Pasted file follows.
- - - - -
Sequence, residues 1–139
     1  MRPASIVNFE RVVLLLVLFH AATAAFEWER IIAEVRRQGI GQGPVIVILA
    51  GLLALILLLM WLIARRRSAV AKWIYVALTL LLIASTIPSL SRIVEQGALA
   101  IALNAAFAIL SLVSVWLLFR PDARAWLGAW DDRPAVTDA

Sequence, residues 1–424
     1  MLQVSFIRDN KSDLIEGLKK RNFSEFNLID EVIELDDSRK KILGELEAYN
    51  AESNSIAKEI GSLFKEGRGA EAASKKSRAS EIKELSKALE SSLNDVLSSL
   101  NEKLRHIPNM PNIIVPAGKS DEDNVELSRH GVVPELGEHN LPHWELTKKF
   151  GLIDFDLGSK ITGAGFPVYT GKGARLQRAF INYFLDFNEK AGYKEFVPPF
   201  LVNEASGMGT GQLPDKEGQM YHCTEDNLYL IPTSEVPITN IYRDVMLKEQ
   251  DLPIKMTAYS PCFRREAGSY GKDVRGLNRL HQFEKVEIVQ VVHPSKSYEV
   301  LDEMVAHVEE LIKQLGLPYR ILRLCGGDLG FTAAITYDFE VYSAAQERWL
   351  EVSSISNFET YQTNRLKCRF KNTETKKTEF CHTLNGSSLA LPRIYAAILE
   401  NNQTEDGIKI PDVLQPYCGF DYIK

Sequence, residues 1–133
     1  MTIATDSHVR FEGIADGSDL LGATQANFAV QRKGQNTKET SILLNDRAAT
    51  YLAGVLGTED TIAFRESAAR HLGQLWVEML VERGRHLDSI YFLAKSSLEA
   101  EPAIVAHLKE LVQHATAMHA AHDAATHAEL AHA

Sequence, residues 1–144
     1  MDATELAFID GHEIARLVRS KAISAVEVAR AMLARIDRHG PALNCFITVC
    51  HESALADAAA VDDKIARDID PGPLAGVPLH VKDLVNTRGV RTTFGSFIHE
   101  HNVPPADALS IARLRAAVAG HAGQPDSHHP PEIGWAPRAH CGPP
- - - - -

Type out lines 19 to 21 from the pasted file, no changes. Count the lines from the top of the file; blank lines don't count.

Sequence, residues 1–144
     1  MDATELAFID GHEIARLVRS KAISAVEVAR AMLARIDRHG PALNCFITVC
    51  HESALADAAA VDDKIARDID PGPLAGVPLH VKDLVNTRGV RTTFGSFIHE